A fifth of Egypt's 80 million people live under the official poverty-line of US$2 a day, and a large proportion only just above it; the economic hardship they are suffering has worsened as a result of the sharp rise in inflation and food -prices. Most Egyptians are too young to remember the bread riots of 1977, which resulted in successive governments subsidising food-prices. But president Husni Mubarak, who came to power in 1981 after the assassination of president Sadat, must remember them well. This would explain his strong reaction to the recent riots and strikes, driven not only by the sharp rise in food-prices and inflation, but also by the people's dissatisfaction with his government's corrupt and oppressive political record, which has been made even worse by his determination to pass his power and position to his son, Gamal.
Mubarak ordered the military and police to bake bread in their factories and then distribute the loaves widely to bring to an end the scarcity that contributed to the rise in prices and the resulting riots. But since Egypt has been under an official state of emergency throughout his long rule, this use of the armed forces caused suspicion, rather than consolation for the people. The suspicion was reinforced when Mubarak also ordered the army and the police to arrest rioters (particularly those belonging to the Ikhwan), which demonstrated convincingly that his main motives were political.
More than 800 members of the Ikhwan were arrested; on April 15 a military court sentenced 25 of them, all high-ranking, to long prison-terms. Its third-ranking leader, Khayrat Shater, got seven years. Most of those sentenced were given between three and ten years in jail. Their convictions and sentences are unlikely to be set aside or reduced on appeal, which will also be heard by a military court. This explains why the Ikhwan's leaders are considering whether or not to appeal, as Abdul-Munim Maqsud, the coodinator of the Ikhwan's defence committee, admitted after the announcement of the conviction and jail-sentences.
More significantly, the Ikhwan is impressed by neither Mubarak's show of muscle nor the court's cooperation with him, and regards the convictions as directed against the whole country, not only against the Ikhwan. As Assam al-Iryan, the head of the Ikhwan's political wing, has confirmed, the court's decisions will not persuade the Ikhwan to give up its defiance; it will continue to challenge the regime's unconstitutional and criminal attempts to retain power. That defiance must be encouraged by the university students' country-wide demonstrations, organised to support the Ikhwan in the face of the "judicial war" declared by the military courts against it.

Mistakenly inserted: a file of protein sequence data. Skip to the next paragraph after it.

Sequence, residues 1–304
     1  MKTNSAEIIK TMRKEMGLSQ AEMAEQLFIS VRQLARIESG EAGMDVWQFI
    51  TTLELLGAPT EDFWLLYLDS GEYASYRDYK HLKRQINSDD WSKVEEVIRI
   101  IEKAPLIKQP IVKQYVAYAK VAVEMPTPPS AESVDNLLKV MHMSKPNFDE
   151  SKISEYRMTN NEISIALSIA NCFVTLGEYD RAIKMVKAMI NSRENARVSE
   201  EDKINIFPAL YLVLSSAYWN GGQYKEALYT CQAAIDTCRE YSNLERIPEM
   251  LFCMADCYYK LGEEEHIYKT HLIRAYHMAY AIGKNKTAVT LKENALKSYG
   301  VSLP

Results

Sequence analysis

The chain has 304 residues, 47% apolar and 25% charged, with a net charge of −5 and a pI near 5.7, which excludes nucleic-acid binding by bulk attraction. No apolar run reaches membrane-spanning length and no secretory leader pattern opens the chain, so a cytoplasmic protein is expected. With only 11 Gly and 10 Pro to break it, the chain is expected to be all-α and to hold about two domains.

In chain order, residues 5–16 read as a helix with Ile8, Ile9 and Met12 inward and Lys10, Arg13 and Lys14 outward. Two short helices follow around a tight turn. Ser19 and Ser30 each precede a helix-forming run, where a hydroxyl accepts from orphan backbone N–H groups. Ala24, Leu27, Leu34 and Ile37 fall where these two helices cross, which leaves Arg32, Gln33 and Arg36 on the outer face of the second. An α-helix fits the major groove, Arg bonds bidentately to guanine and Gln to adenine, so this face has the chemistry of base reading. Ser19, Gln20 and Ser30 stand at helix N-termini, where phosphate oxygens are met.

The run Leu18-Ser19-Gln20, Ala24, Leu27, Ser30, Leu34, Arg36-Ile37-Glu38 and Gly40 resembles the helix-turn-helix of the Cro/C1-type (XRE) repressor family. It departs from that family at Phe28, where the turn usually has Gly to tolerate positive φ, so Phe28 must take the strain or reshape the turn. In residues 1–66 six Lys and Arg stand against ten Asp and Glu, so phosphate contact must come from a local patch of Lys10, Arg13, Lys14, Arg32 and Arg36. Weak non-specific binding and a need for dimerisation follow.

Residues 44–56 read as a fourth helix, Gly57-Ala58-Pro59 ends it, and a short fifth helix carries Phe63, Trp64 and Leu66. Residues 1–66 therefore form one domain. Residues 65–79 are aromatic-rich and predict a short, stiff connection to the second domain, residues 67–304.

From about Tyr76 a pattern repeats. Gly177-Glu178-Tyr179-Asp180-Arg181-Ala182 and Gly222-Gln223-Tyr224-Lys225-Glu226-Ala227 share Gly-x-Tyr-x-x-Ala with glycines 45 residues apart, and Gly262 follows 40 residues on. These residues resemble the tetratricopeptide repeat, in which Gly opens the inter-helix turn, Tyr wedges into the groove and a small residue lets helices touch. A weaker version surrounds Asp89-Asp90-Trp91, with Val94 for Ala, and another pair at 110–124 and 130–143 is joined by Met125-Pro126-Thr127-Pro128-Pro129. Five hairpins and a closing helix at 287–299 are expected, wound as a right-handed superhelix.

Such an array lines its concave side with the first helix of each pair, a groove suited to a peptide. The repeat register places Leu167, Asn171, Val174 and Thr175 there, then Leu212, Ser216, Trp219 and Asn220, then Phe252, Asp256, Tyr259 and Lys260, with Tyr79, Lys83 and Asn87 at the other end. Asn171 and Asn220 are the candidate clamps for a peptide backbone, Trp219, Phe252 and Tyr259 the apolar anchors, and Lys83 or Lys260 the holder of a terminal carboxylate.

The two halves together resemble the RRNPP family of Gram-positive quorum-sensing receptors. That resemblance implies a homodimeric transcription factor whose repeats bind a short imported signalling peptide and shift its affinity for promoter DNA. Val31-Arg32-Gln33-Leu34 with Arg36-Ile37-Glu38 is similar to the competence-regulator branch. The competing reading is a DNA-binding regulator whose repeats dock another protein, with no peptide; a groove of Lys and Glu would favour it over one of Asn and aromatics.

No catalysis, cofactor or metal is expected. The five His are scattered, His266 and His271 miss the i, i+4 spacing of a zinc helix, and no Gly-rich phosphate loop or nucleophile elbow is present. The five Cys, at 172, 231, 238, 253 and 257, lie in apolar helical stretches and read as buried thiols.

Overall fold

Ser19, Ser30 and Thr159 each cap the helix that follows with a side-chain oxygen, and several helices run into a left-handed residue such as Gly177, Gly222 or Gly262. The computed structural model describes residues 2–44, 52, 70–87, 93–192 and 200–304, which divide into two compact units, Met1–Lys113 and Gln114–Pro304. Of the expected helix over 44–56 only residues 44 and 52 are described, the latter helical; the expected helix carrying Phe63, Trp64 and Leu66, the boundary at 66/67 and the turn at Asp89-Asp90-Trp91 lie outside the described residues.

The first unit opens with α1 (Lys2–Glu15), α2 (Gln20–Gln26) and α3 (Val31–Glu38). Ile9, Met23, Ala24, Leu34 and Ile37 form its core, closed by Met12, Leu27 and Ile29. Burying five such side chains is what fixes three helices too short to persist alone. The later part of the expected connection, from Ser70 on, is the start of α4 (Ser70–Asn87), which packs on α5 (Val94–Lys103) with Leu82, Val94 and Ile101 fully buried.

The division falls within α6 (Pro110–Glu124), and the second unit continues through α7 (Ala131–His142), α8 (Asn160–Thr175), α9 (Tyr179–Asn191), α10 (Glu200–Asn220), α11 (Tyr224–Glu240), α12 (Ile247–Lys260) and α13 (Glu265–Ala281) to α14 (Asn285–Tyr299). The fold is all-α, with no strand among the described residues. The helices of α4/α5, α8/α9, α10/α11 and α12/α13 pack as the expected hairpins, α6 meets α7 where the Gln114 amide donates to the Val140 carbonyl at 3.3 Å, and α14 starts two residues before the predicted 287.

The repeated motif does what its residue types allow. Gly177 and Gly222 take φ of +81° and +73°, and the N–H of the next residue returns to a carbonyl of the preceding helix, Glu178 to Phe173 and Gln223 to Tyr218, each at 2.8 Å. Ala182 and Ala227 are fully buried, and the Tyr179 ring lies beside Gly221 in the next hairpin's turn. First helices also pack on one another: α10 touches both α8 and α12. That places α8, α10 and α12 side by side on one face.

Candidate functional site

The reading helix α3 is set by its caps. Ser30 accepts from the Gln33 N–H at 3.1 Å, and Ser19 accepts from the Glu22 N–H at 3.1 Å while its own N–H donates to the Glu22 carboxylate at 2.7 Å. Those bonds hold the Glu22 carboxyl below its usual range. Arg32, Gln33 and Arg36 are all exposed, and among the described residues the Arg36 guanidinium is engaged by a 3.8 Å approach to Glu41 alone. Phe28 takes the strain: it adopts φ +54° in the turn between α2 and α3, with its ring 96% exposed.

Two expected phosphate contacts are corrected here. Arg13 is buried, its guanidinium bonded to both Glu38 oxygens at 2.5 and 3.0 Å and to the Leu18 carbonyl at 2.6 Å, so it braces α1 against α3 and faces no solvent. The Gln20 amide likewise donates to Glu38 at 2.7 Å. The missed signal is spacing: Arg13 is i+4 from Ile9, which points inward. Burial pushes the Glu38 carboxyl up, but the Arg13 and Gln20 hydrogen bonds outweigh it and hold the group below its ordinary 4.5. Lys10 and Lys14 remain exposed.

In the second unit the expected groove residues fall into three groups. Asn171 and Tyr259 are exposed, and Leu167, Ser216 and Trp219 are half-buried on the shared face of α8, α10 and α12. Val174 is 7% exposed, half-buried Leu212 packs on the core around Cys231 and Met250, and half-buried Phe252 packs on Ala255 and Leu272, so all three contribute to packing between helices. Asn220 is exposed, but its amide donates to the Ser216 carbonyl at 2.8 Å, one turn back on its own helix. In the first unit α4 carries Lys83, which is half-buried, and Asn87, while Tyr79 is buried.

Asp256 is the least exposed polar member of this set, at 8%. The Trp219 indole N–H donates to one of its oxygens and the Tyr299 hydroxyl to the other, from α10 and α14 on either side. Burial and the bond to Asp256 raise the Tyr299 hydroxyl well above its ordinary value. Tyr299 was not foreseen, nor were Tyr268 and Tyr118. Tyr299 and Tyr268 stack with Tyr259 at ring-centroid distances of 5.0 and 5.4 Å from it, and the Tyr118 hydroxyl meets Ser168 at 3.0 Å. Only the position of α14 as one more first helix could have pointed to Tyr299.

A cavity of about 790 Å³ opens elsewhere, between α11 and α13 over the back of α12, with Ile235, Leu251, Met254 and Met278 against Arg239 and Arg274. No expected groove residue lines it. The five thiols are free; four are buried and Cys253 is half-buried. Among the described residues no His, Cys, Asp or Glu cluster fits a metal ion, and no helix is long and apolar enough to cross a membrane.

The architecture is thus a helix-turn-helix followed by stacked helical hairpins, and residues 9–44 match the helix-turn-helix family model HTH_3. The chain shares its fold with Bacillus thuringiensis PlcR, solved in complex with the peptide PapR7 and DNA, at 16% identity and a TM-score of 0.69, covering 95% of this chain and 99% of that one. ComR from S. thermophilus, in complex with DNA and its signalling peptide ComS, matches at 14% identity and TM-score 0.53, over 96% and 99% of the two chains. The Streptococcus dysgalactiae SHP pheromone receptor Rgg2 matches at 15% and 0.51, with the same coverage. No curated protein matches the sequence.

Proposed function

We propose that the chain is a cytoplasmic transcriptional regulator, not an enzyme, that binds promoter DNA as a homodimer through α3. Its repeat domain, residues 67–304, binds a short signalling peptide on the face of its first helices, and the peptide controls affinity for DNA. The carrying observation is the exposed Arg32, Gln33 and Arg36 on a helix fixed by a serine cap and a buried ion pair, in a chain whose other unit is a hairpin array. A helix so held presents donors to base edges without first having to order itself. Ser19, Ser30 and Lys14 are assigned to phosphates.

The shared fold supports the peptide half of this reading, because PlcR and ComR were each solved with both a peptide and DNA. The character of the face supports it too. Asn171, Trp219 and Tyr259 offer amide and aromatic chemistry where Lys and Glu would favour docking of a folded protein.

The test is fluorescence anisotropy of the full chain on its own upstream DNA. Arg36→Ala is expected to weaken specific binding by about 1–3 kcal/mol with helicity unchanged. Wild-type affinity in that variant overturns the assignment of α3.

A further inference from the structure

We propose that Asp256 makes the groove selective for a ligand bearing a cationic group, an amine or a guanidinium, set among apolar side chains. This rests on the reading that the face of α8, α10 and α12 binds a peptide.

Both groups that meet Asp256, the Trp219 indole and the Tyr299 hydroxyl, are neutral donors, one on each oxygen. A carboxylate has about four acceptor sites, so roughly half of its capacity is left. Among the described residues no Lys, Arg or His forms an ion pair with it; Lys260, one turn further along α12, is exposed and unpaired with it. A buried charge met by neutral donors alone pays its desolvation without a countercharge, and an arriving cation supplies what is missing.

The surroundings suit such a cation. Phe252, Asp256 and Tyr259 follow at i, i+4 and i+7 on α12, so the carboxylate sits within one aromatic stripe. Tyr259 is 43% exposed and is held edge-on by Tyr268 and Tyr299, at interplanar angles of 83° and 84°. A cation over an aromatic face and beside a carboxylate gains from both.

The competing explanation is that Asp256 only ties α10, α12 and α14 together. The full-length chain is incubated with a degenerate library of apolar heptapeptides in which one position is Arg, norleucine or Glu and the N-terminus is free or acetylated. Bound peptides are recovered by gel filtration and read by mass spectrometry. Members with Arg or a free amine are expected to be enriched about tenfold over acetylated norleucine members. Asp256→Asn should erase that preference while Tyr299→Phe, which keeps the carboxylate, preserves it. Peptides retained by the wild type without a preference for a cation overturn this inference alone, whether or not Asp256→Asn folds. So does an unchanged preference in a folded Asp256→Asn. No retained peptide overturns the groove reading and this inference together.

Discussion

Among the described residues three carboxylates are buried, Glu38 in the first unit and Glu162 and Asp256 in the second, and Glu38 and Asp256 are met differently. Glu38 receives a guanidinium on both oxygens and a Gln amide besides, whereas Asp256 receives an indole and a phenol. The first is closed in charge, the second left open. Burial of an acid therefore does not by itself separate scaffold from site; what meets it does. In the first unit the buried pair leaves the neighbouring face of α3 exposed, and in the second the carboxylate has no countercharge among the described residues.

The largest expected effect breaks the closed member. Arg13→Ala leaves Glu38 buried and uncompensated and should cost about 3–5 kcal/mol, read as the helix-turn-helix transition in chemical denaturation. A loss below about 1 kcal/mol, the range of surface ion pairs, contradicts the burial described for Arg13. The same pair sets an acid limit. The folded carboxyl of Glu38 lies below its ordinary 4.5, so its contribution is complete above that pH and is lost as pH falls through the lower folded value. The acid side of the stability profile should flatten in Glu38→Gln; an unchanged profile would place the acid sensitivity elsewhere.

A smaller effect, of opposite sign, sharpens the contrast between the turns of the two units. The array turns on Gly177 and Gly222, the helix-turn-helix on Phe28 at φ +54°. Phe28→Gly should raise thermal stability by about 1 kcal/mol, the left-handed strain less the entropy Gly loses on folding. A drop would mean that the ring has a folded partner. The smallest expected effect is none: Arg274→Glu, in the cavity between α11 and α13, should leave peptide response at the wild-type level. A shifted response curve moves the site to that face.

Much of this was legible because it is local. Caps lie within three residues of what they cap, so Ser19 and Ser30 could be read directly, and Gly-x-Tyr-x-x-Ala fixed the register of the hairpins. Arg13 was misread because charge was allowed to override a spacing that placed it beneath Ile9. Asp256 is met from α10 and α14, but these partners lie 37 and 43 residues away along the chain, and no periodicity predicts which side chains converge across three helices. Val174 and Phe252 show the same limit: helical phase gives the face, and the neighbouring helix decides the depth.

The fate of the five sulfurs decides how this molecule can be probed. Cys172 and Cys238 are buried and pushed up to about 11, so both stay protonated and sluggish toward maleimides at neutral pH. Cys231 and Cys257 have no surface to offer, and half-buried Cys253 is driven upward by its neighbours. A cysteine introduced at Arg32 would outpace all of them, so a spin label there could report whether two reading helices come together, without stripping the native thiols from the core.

In fact, the arrest of the 800 Ikhwan leaders occurred in connection with the elections on April 8 for the local councils. The arrests – along with the administrative disqualification of some Ikhwan candidates and a decision to ignore court-orders for others to be reinstated – were designed to decrease the number of Ikhwan candidates standing in the local-council elections. As a result, the number of Ikhwan candidates standing was reduced to 20 from the original 5,000 whom the Ikhwan had wanted to contest the 52,000 local seats. Understandably, the Ikhwan called upon Egyptians to boycott the elections.
But whether this call influenced the attitude of voters or not, very few turned out. In fact, there was little point in anyone's showing up to vote, as 90 percent of the seats were set aside to be contested only by members of the ruling National Democratic Party (NDP). It is true that local councils have very little power, but a constitutional amendment, introduced by Mubarak to protect his power, provides that candidates for Egypt's next presidential election must first be approved by at least 140 local councillors. As a result, those candidates standing for the presidential poll in two years' time will not include members of political parties such as al-Kifayah and the Ikhwan, and the NDP will dominate the show. A few candidates from small parties allied to the NDP will be allowed to stand to show that the contest is open to all that meet the constitutional stipulations.
In these circumstances, Mubarak is certain to be returned to the presidency for a sixth term in two years' time. But he is 80 years old and widely believed to be ill, and it is therefore possible that he will decide to step down at the end of his term and nominate his son Gamal as the NDP's official candidate. Since Gamal already oversees the party's affairs on behalf of his father, there is little doubt that it will accept his candidacy and that the local councils will endorse it.
According to analysts, Egyptians are not known for their opposition to their rulers; Mubarak is therefore confident that whatever course of action he takes will succeed – especially if it is backed by a combination of bribery and intimidation. But any assessment of the Egyptian people's current reaction to their rulers must take into account recent economic and political developments, which have made them very angry. The combination of increasing inflation and low salaries has made even middle-class Egyptians poorer, and the government's backing forIsrael against Hamas has infuriated almost all Egyptians. Public reactions to the celebration of Mubarak's birthday on May 4 may provide further indications of how strong that anger is. Political activists have called for a strike on that very day. What will come of it time will tell.